Opening Statements: Wizards at Heat, Game 25 | Wizards Blog Truth About

Opening Statements: Wizards at Heat, Game 25

Updated: December 19, 2014



The Miami Heat beat the New York Knicks in Madison Square Garden, 86-79, on Nov. 30 to stay hovering over .500 at 9-7. Since, Miami has gone 3-7, with that first loss coming against the Wizards in Washington on Dec. 1. They are now two games under .500 at 12-14.

If the playoffs started today, the 7-seed Heat would face the 2-seed Wizards. Such could be the same when the playoffs actually begin four months from now. Only Dwyane Wade, Mario Chalmers, and Shawne Williams have played in each of Miami’s last 10 games. Wade has led them in scoring, averaging 24.3 points over the last 10 games … but then you have Luol Deng at 13.2, Mario Chalmers at 10.2, and then Norris Cole at 6.4. Good for Washington’s defense, yuck for basketball.

The Wizards have won nine of their last 10 games; Bradley Beal, Rasual Butler, Marcin Gortat, Kris Humphries, Andre Miller, Otto Porter, Kevin Seraphin, and John Wall have played in each of them. Despite injuries to Martell Webster, Beal, and Nene, it appears that Washington has been blessed with a fair combination of health and constancy, so far. Insiders of the organization are confident that the team can sustain an injury to just about any Wizard, expect Wall. “As long as Wall is healthy…” would be a mantra, or credo, or just the finger-crossing hope.

The Heat are down but dangerous. Josh McRoberts is out for the year and Chris Bosh has missed the last three games with a calf strain; his status is said to be “out indefinitely” and he will not play tonight. But, still dangerous, the Heat, even if they shouldn’t be against the Wizards. Five Wizards have averaged double-digits in scoring over the last 10 games, and then each Nene and Rasual Butler have averaged just over nine points per game.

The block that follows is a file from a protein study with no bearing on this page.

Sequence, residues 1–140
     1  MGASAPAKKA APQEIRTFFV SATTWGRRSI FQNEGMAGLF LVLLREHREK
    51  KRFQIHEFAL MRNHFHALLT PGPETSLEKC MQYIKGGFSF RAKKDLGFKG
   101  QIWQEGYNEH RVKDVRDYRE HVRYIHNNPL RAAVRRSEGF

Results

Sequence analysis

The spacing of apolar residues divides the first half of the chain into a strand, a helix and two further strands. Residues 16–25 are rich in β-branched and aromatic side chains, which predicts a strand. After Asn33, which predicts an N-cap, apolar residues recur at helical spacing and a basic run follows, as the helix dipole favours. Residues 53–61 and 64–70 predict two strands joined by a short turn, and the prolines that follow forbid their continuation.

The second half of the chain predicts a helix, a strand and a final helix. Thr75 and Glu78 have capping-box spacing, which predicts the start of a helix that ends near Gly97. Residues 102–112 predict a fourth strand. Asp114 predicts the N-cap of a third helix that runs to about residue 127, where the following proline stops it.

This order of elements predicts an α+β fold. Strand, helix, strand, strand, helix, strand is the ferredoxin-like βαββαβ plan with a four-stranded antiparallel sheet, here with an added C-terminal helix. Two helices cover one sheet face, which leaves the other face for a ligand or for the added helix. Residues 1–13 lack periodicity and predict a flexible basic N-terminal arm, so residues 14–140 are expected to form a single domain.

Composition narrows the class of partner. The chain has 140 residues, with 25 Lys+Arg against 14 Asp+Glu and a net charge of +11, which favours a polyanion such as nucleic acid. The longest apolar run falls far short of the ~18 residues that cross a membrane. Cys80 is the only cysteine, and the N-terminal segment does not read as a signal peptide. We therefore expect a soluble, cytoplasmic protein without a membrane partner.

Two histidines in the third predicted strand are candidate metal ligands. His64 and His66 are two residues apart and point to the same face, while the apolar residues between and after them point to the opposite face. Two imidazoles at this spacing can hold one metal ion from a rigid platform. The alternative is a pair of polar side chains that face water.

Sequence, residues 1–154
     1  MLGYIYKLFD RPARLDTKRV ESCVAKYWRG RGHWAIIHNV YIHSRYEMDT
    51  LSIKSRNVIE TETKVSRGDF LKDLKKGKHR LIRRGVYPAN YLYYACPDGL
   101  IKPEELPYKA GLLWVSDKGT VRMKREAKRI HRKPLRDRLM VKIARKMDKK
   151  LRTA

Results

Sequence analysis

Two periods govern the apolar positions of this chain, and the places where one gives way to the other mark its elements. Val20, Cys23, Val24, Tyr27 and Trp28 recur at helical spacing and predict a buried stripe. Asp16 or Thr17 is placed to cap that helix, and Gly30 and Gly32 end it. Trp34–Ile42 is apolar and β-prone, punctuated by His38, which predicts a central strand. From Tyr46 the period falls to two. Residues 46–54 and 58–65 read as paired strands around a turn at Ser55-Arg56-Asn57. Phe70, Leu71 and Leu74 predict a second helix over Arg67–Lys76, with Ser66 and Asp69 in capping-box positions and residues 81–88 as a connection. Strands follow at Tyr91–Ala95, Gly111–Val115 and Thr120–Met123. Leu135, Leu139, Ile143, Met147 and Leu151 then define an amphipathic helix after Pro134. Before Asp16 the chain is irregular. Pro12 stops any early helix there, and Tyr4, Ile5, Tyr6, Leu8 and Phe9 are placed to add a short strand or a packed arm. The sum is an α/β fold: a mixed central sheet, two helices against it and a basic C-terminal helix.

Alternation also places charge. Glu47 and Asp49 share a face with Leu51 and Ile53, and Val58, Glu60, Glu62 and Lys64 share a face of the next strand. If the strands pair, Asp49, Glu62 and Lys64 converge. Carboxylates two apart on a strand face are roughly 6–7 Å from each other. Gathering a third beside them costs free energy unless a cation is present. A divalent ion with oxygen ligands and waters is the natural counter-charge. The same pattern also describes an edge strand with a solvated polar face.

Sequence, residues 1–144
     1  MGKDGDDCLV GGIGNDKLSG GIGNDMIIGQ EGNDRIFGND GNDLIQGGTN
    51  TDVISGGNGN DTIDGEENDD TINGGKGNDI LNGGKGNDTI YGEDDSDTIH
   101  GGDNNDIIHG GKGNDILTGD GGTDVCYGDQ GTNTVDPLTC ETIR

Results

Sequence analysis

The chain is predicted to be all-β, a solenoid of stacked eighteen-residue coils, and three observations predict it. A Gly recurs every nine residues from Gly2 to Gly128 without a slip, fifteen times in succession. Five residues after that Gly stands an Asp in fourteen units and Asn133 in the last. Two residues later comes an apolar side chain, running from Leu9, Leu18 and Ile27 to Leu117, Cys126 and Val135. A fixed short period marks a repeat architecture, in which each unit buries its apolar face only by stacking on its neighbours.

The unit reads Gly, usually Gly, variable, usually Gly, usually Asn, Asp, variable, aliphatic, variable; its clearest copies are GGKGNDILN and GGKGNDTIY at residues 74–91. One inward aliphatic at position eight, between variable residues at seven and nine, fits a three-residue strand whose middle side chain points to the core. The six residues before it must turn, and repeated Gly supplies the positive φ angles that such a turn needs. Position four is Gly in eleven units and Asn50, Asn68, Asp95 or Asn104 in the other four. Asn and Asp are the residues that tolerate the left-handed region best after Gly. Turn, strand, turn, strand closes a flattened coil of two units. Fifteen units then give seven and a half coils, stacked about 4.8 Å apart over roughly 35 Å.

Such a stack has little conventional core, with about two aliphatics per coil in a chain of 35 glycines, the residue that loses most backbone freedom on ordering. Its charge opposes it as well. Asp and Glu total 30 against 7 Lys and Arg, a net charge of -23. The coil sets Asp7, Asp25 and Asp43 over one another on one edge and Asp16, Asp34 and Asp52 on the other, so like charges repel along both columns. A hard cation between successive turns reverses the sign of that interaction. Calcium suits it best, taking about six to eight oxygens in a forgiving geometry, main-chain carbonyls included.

Miami has allowed opponents to shoot a league-high 56.6 percent eFG% over the past 10 games; Washington has allowed 45.6 percent, fourth-lowest in the NBA. The Wizard are also shooting a fifth-best 51.3 percent eFG% over the last 10 (compared to 49.3% for the Heat). It has all the classic makings of a trap game but it’s nowhere near one. Sure, the Wizards enacted revenge in Washington after losing the season opener in Miami. But that was in the now much more comfortable confines of home. The Heat have loomed over Washington, and the Southeast Division, for quite some time now. No more, and there’s still payback to be had.

Teams: Wizards at Heat
Time: 7:30 p.m. ET
Venue: American Airlines Arena, Miami, FL
Television: CSN
Radio: WFED-AM 1500/WNEW-FM 99.1
Spread: Wizards fav’d by 6 points.

Instead of posing questions to some Heat person today we will instead go off on a tangent.

I don’t believe in treating ‘Heat’ as a singular noun. They are a team, a single unit, but also made up of unequal parts that can’t be treated the same; a plurality, an uncollected noun.

“Team-nominal singularity,” it is called by some, and it is wrong. Wait, it sounds wrong, which I will admit, has changed over the years. Language changes and sometimes we need to change how we hear. No longer should people say the Heat or the Magic or the Jazz or the Thunder “is.”

“The Heat is going to fly to Washington to play the Wizards.”

If you simply put “Miami” in front of “Heat” in that sentence, it becomes grammatically wrong, to everyone, and sounds just as stupid. Of course, simply have “Miami” alone in that sentence and “is” is right to some, wrong to others.

I know, the English language, it will get ya.

The New York Times, in 1997, asked this very question about the Miami Heat (evidently this all started with ‘Jazz’). A former English professor from Penn State did not advocate team-nominal singularity. Tom Jolly, former sports editor and current associate managing editor of the NY Times dissented, pompously stating, “we think we’ve chosen the better alternative.”

The piece by William Safire went on to cite the fact that The Sporting News stylebook agreed with the English professor in that team names should “always take the plural verb.”  AP Style also agrees with the plural use.

Safire ultimately concluded, however, “To reach a decision, let us turn to the great guiding principle of English grammar, revered by linguistic sages, eminent lexicographers and the most useful usagists: ‘No matter how ‘correct’ it may be, if it sounds funny to the ear of the native speaker, it ain’t right.’ “

It’s 2014 and saying (or asking), “Is the Heat playing in Washington tonight or are the Wizards playing in Miami?” ain’t right, either.


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Kyle Weidie
Founder / Editor / Reporter / Writer at TAI
Kyle founded TAI in 2007 and has been weaving in and out the world of Wizards ever since, ducking WittmanFaces, jumping over G-Wiz, and avoiding stints on the DNP-Conditioning list. He has covered the Washington pro basketball team as a member of the media since 2009. Kyle currently lives in Brooklyn, NY with his wife, loves basketball, and has no pets.